I spent some time thinking about the fuel carrying arrangements and have come round to the idea that it will be best to put 2 fuel cans in each pannier, they fit quite well, and pad them out with softer stuff. This is safer than strapping them to the bike and retains the security aspect as the panniers are locked to the frame.
Watched the first half of the Man City game in Livadia but was disappointed when the locals demanded the TV be switched over to basketball at half time. There was an obnoxious Spurs fan in the bar who couldn’t put a sentence together without use of the F word. I kept my head down and didn’t speak to him. I listened to the second half of the match on my radio in the tent. Well done City! Amazing last few minutes, but that’s football.
While I was in Livadia I used the internet to do some more checking on the ferries to Turkey. It seems that Chios and Kos are the 2 best bets. Kos is my preference as it only takes 3 boats, one to Syros, one to Kos, and one to the mainland, whereas the Chios option will require one more boat.
The mosquitos are a real nuisance on the campsite and I have been bitten about a dozen times. The bites aren’t too bad and I guess this is good training for Siberia where I believe the mozzies are gigantic.
Monday 14 May, Day 11 – Paros, Greece
After much deliberation I finally booked my ferry to Turkey via Syros and Kos. Seemed a bit expensive at 74 Euros from Paros to Kos and I believe it is another 55 Euros from Kos to Bodrum. I booked as far as Kos using Nikos at Polos Tours at the port in Paros he phoned the port authority in Kos to check it was all possible so at least I know I won’t turn up and find I can’t get across.
Bumped into Yannis at Cactus and had a good chat about stuff. He is concerned about the future for Paros and feels some development is needed, such as an airport, to generate economic growth. Yannis mentioned that there is a motorcycle dealer next to the Dubliner that might be able to give advice on tyres etc.
I went up to the bike shop called Moto Trust and met a great guy called Peter who was also into travelling on is BMW GS800. He had done trips to Turkey and Tunis so I was interested to talk to him about the road conditions and fuel prices in Turkey. He told me that fuel in Turkey was more expensive than Greece. He invited me to the Paros Moto Club meeting on Wednesday but unfortunately I will have left the island by then. The shop had some interesting machines in, one in particular was an absolutely mint Yamaha Tenere 600.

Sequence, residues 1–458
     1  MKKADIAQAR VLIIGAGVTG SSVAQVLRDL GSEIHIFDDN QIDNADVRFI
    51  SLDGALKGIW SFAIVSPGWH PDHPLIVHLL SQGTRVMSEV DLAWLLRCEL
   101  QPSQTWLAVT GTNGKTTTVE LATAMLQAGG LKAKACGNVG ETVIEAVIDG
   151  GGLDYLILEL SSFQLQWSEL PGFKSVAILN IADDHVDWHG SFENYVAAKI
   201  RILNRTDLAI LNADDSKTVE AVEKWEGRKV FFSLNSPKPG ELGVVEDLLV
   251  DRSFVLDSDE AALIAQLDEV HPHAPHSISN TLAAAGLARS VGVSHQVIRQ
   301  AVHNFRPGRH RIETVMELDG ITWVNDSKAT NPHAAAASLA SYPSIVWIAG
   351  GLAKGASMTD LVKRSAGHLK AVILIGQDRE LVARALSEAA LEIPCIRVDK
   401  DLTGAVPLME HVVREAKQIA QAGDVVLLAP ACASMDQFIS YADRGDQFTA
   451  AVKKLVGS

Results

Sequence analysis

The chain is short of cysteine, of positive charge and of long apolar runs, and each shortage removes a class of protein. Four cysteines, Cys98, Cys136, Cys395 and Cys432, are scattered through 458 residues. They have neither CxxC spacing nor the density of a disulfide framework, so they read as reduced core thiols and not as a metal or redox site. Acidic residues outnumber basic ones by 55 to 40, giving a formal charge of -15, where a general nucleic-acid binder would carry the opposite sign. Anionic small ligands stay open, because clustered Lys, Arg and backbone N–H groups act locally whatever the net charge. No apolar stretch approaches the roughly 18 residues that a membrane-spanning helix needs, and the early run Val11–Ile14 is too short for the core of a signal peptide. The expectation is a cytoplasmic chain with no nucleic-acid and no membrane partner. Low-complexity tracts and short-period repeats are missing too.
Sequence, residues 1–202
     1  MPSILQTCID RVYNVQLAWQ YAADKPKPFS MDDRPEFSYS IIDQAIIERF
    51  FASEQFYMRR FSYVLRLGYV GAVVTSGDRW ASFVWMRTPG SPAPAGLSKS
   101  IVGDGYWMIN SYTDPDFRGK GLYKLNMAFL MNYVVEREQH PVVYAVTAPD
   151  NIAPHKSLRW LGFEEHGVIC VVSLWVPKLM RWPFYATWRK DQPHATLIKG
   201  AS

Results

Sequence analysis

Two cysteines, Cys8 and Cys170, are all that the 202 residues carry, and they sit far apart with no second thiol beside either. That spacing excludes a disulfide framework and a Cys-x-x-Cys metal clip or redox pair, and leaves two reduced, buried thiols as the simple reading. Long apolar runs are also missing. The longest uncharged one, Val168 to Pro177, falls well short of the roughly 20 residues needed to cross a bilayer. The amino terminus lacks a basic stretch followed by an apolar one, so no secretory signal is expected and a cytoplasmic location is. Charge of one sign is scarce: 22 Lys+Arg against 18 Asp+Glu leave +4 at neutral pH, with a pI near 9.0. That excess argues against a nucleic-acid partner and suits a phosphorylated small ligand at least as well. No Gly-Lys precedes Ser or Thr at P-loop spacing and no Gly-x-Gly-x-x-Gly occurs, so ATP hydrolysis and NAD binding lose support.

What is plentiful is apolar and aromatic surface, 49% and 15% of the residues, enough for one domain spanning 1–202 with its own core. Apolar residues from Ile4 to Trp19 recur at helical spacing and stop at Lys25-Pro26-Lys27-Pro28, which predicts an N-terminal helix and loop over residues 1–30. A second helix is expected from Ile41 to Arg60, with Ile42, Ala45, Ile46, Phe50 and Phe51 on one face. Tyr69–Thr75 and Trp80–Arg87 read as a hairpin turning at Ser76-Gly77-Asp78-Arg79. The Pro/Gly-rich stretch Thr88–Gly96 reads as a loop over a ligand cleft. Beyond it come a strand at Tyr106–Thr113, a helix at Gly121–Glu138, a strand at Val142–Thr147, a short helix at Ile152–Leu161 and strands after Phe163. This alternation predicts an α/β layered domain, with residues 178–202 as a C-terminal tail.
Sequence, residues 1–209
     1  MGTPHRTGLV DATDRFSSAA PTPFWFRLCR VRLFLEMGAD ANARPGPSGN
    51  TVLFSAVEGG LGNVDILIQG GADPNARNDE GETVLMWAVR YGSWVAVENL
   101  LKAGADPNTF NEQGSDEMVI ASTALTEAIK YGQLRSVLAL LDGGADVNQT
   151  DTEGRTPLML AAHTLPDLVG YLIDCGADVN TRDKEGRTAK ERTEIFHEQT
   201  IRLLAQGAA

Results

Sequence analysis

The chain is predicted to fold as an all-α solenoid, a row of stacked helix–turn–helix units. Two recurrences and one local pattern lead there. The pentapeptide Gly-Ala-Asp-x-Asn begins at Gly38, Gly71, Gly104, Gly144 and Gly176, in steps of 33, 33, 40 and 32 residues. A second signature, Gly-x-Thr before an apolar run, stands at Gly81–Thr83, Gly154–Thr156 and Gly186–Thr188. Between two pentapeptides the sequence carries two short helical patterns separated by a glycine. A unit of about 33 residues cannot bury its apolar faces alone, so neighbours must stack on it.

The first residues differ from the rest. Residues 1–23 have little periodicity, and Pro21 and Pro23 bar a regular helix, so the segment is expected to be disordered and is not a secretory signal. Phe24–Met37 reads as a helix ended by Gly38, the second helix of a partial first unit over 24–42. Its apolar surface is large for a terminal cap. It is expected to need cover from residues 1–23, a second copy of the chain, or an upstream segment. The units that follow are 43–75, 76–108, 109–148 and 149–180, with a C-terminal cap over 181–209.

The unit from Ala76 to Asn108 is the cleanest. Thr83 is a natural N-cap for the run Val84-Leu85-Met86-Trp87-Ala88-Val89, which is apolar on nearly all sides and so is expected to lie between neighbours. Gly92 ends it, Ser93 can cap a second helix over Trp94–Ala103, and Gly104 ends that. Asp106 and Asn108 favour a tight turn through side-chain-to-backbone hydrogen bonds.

I checked up on fuel prices using www.mytravelcost.com and found that Turkey is currently the most expensive in the world at 1.97 Euros per litre. I have around 900 miles to cover in Turkey so this is going to cost around 200 Euros. The good news is that from there on the fuel can only get cheaper. In Georgia it should be around 1.04 and in Russia 0.73. The cheapest price I will pay with my current itinerary according to the website is 0.66 in Kazakhstan. They currently list the UK at tenth highest with a price of 1.76 Euros per litre.
Had a couple of beers in Livadia and then had an early night with the radio. I have got into the habit of turning my sleeping bag inside out before getting in because I am sharing my tent with all kinds of creepy crawlies. It is impossible to keep them out.
Tuesday 15 May, Day 12 – Paros, Greece
Went into Parikia and checked out the exchange rates for swapping my Sterling to Euros. I went to 3 banks and two exchange offices and the deals ranged from 1185 to 1210 Euros for 1000 Pounds. I think it will be best to change my cash to Euros here rather than wait until I am in Turkey. I can spend the Euros in Turkey and then get some Roubles in Russia. I have read that it can be difficult to change Sterling in Russia once you get outside the cities in the Western part of the country. I definitely don’t want to get stuck in Siberia with no Roubles for fuel. Once I get to Magadan I intend to use my credit card to pay for the shipping fees to Anchorage.
Rode out to the point at the harbour entrance where there is a memorial to the Empress Samina ferry disaster which claimed 80 lives on 26 September 2000. The inscription reads ‘their lives in the embrace of the waves’.
Did a little fishing but it was very windy so packed in. The track out there is a bit rough and it was a good opportunity to play on the Tiger without the luggage on. I still have a lot to learn about handling the bike on rough roads so I watched a couple of videos on YouTube in Livadia over a cold beer. The experts make it look easy and I picked up a couple of tips.
Had a couple of beers in Livadia and got the map of Turkey spread out to try and decide on a route. Finally gave in and decided to implement Google Ad Sense on my blog. Not sure how much revenue this will generate for the charity but it is worth a go.